By DR. DAVE MINNER, PH.D., ASSOCIATE PROFESSOR, IOWA STATE UNIVERSITY
W at's the skinny
We are building a new high school baseball field and want to use the right clay, and sand. Crushed rock, bark chips, Ag-lime, and organic binders have
kind of dirt for the infield skin. Our existing field was native soil that had been also been used as local materials to amend existing skins or to serve as the pre-
conditioned over the years with calcined clay to make a pretty good mix. When dominate material for construction or renovation.
the moisture is just right it played great but we are prone to rainouts since we There are many manufactured ball field mixes that mayor may not fit
don't have infield rain covers. Is there any standard for making the baseball these standards. Suppliers, sports turf managers, and coaches have developed
infield dirt? different commercial mixes from their experience with local materials.
Whenever possible consider using a processed and consistent ball field mix. As
love this question simply because it allows me to use the word dirt. My soil a starting point have a particle size test done on the field. Develop a strategy to
fertility professor once scolded me for using the term dirt rather than soil amend the existing material or replace it. Don't be too quick to discard a skin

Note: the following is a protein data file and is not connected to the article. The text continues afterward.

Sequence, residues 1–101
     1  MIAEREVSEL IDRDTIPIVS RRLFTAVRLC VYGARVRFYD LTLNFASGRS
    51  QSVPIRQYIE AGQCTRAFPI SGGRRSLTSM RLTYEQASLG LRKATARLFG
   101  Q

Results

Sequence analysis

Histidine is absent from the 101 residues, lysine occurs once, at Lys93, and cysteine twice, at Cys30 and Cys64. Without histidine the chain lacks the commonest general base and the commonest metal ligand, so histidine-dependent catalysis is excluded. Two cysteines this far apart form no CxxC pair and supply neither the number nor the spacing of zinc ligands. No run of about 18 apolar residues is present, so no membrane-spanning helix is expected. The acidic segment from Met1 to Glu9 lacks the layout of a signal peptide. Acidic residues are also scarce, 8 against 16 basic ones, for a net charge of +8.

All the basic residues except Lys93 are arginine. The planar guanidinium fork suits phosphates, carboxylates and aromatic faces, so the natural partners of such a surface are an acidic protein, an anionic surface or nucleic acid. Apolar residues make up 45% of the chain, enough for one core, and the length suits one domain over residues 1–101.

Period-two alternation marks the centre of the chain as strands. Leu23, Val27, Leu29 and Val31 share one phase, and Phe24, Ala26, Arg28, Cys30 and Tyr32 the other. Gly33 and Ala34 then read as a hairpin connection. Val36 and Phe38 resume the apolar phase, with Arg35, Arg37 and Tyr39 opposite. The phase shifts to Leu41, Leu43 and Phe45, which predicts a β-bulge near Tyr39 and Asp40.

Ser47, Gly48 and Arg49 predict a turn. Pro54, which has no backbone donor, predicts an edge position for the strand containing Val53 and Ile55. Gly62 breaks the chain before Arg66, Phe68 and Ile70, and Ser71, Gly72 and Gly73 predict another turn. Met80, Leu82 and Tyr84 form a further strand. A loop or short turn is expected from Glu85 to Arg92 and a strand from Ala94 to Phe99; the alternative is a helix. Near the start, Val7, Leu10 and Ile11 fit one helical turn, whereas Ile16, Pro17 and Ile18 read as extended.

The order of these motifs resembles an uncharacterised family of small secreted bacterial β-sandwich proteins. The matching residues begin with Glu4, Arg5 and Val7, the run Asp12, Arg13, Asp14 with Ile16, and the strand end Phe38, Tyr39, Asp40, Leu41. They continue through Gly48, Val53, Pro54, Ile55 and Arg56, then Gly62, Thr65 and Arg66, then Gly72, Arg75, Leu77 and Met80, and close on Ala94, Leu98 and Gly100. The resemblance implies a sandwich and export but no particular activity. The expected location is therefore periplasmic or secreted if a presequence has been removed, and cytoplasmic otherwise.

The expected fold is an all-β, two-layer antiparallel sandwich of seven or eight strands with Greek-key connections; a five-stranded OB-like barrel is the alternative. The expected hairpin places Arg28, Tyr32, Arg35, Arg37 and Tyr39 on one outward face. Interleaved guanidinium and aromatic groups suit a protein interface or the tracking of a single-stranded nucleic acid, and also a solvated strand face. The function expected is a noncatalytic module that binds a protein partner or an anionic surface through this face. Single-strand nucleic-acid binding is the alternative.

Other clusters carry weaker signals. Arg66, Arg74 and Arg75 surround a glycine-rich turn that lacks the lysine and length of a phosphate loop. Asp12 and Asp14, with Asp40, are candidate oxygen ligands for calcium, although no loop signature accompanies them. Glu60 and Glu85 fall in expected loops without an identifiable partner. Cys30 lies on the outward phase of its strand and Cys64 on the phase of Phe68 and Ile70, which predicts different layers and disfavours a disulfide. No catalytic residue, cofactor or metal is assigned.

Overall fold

and ever since then it has stuck in my throat like a red dusty Georgia clay. that you have been amending for several years, it may be excavated and blend-
Dirt he said was what you swept under the rug and soil is what grows the ed with other materials for later use. If you have been encouraged to make
bounty of the world. He was of course correct. But the soil we use for skin changes then ask your coaches which field do they play on that has the best
infields is certainly not chosen for its growing ability. Some of the best agro- infield skin. Contact that sports turf manager and get the skinny on their skin
nomic loamy soils that are high in organic matter often absorb and hold too material. Sometimes you need to change materials and sometimes you need to
much water causing excessively wet playing conditions. change management: _
A few years ago the answer would have been, there simply are no standards There was very little technical information published about ball field skin
for skin infields. Fortunately, turf and soil scientists have been working with mixtures until ASTM F2107. Like all standards there will be additions and
industry personnel to produce an American Society for Testing Materials stan- changes as more information becomes available. A fitting end to this article
dard ASTM F2107-01 "Standard Guide for Construction and Maintenance of comes from the note at the beginning of the maintenance section of ASTM
Skinned Areas on Sports Fields. www.astm.org. The ASTM standard offers F2107: "It has often been observed that the skills of the grounds manager are a
guidelines for terminology, construction, materials, and maintenance of greater contributing factor to high quality skinned areas than the materials
skinned field areas including mounds and batting areas. This standard guide is used to construct these areas. Successful managers must select management